- The Washington Times - Wednesday, March 14, 2007

CHICAGO (AP) — Former media mogul Conrad Black’s trial began yesterday with the judge questioning a man who lost money in the WorldCom debacle, a woman whose investments went sour and two dozen other prospective jurors.

They were among 27 prospective jurors for the trial of the millionaire former press lord accused of siphoning $84 million from the Hollinger International media empire.

Besides the man who lost money in the $3.8 billion WorldCom scandal, U.S. District Judge Amy J. St. Eve questioned a woman who said on her pretrial questionnaire she distrusted people who make millions of dollars.

“No one receives that much money out of the blue for no reason,” she said. Another woman said when asked about her impression of Mr. Black: “Whenever I see his picture he seems to be dressed up in a tuxedo.”

Mr. Black, 62, is charged with racketeering and other offenses reputedly committed as chairman of the Hollinger International newspaper holding company. He was forced out as chief executive officer in 2003 and ousted as chairman months later amid a storm of shareholder lawsuits and a criminal investigation.

Mr. Hollinger once owned the Chicago Sun-Times, the Toronto-based National Post, the Daily Telegraph of London and the Jerusalem Post, as well as hundreds of community newspapers. The Toronto, London and Jerusalem papers have been sold and the company name has been changed to Sun-Times Media Group.

Mr. Black is accused of selling off hundreds of community newspapers in the United States and Canada and pocketing payments from the buyers. Prosecutors say Hollinger should have gotten the money paid in return for promises not to compete in markets where the newspapers circulated.

Mr. Black also is charged with billing the shareholders for a two-week trip to the island of Bora Bora and most of a $62,000 birthday party for his wife. Three other former Hollinger executives are on trial as well.

A horde of reporters and camera crews were waiting for Mr. Black when he arrived at the courthouse yesterday. But he slipped past them unnoticed, apparently while they focused on the arrival of his lawyers.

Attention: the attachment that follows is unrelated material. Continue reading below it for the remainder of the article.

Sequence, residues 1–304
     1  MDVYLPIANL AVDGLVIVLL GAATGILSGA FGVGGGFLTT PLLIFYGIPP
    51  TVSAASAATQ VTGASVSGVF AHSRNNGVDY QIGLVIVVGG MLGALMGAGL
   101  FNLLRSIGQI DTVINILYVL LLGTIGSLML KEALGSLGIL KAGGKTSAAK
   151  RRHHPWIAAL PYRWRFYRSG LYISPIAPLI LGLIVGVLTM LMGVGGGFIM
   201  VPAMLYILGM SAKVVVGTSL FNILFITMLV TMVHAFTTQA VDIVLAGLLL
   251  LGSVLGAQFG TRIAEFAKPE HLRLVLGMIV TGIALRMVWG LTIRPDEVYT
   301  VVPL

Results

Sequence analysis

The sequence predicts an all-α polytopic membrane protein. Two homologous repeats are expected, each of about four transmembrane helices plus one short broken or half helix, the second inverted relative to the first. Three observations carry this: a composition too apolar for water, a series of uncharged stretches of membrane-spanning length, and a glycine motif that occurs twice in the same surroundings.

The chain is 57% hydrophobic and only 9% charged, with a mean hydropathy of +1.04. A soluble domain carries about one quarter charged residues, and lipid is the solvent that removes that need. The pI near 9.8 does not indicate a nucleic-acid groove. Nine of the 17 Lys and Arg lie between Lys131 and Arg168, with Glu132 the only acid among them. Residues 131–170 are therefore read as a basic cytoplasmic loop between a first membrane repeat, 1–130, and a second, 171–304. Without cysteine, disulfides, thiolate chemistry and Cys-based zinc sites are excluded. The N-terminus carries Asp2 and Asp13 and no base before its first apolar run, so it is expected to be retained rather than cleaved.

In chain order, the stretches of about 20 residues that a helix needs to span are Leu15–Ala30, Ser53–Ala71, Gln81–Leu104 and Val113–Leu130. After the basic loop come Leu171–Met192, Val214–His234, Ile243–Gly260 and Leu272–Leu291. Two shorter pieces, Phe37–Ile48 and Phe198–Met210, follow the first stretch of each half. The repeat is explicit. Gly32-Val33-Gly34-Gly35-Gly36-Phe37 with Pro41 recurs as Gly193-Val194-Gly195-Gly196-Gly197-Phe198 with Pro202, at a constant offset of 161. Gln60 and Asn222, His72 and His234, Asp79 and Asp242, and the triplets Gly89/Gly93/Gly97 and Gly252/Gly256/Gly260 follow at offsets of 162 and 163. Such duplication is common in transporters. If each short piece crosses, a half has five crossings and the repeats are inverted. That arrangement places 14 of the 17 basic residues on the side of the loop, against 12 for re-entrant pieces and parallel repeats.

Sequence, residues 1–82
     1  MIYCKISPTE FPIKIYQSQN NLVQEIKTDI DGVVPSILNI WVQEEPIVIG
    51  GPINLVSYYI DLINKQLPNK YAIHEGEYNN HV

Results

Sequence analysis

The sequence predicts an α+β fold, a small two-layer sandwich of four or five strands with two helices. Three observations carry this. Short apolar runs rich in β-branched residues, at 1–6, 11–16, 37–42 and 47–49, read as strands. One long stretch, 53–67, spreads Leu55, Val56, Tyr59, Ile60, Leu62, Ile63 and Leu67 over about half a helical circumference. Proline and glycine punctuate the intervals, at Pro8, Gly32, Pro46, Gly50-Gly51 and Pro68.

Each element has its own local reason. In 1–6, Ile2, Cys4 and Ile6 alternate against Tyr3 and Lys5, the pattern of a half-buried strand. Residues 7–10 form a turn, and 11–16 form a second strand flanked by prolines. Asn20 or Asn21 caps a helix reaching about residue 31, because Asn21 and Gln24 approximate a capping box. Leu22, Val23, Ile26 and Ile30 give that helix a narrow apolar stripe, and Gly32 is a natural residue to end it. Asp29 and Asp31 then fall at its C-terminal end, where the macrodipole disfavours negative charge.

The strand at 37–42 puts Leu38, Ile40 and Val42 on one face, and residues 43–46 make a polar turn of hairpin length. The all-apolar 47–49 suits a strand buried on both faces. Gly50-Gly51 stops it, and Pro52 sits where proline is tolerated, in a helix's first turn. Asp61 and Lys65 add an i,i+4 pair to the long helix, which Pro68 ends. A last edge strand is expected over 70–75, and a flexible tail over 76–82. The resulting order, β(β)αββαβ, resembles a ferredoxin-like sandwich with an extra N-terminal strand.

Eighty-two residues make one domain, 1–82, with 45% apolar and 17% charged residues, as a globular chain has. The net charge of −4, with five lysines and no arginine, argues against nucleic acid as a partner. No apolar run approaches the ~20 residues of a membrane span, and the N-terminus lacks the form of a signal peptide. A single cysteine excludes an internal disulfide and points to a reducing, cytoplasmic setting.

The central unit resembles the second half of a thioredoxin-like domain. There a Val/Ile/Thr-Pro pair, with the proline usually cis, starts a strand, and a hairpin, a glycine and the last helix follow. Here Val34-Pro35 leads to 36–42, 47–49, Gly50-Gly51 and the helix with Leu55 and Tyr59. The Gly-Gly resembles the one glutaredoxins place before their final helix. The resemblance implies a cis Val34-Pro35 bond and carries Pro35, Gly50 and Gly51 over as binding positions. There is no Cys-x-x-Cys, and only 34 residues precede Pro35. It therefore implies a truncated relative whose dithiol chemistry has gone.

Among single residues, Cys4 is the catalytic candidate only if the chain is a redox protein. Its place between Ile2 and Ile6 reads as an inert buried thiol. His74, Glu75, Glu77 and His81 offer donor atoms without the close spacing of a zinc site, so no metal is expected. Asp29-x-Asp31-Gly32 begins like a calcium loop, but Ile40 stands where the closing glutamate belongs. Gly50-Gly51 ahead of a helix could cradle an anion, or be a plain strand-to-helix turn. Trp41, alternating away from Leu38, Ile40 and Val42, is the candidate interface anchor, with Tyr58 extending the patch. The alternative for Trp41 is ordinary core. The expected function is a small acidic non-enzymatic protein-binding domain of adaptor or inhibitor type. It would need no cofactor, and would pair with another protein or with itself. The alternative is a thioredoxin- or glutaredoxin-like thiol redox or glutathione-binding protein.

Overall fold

The Canadian-born Mr. Black, author of an acclaimed biography of Franklin D. Roosevelt, is known for his outspoken, aristocratic manner that at times verges into what has been described as arrogance and pomposity.

He gave up his Canadian citizenship to become a full-fledged British baron — Lord Black of Crossharbour — but now wants that citizenship back.

Mr. Black sat calmly at the defense table listening to the questioning. His wife, the conservative writer Barbara Amiel Black, sat in the first row and took notes in a reporter’s notebook.

After the morning session, they had a brown bag lunch with their lawyers in a witness room adjacent to the courtroom rather than brave a media storm in the downstairs lobby.

Legal analysts say his defense team headed by Edward Greenspan of Toronto and Edward M. Genson of Chicago is guaranteed to be looking for upscale jurors with comfortable salaries and lifestyles.

But they found little of that among the prospective jurors who were questioned.

Judge St. Eve repeatedly instructed the prospective jurors that there is nothing illegal about making big money or obtaining better tax treatment.

One woman said there was nothing wrong with making a lot of money.

“If that’s typical for the line of work they’re in — that’s fine,” said the woman who identified herself as a mother of three.

Judge St. Eve reminded a different woman that she had said on her pretrial questionnaire that people who receive large amounts of money “may have been paid off for some kind of misconduct.”

The judge asked several prospective jurors if they would hold it against the defendants if they “heard that these defendants received tens of millions of dollars.”

“Making a lot of money is not an element of any crime in itself,” Judge St. Eve said. Most prospective jurors said they could be fair.

Prosecutors estimate the trial could take three to four months. If convicted, Mr. Black could face as much as 101 years behind bars, although Judge St. Eve will decide the sentence and could give him much less.

The judge, a former federal prosecutor, said she hopes to have a jury sworn in by the end of the day today with opening statements Monday.

One prospective juror was asked whether she had read anything about the case in the newspaper and said she had seen an article in the Chicago Sun-Times saying that Judge St. Eve “ran a tight ship” in her courtroom.

“A tight ship is a good thing, isn’t it?” Judge St. Eve said.

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